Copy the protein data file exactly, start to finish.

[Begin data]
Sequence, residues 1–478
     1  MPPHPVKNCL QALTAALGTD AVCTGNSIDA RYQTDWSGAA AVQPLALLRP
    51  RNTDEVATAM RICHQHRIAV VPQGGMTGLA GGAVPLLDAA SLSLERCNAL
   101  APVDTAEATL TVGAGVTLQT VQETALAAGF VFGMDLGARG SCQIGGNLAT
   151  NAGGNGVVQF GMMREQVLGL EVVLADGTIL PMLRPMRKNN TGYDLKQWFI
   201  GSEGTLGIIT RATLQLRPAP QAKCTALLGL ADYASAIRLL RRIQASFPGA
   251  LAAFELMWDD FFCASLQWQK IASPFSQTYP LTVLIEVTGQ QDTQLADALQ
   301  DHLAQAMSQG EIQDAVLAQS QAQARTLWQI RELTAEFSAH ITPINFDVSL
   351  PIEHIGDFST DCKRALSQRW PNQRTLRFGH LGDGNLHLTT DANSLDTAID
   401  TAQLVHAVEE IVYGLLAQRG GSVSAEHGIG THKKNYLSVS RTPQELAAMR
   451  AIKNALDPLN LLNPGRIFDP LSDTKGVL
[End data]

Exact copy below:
Sequence, residues 1–478
     1  MPPHPVKNCL QALTAALGTD AVCTGNSIDA RYQTDWSGAA AVQPLALLRP
    51  RNTDEVATAM RICHQHRIAV VPQGGMTGLA GGAVPLLDAA SLSLERCNAL
   101  APVDTAEATL TVGAGVTLQT VQETALAAGF VFGMDLGARG SCQIGGNLAT
   151  NAGGNGVVQF GMMREQVLGL EVVLADGTIL PMLRPMRKNN TGYDLKQWFI
   201  GSEGTLGIIT RATLQLRPAP QAKCTALLGL ADYASAIRLL RRIQASFPGA
   251  LAAFELMWDD FFCASLQWQK IASPFSQTYP LTVLIEVTGQ QDTQLADALQ
   301  DHLAQAMSQG EIQDAVLAQS QAQARTLWQI RELTAEFSAH ITPINFDVSL
   351  PIEHIGDFST DCKRALSQRW PNQRTLRFGH LGDGNLHLTT DANSLDTAID
   401  TAQLVHAVEE IVYGLLAQRG GSVSAEHGIG THKKNYLSVS RTPQELAAMR
   451  AIKNALDPLN LLNPGRIFDP LSDTKGVL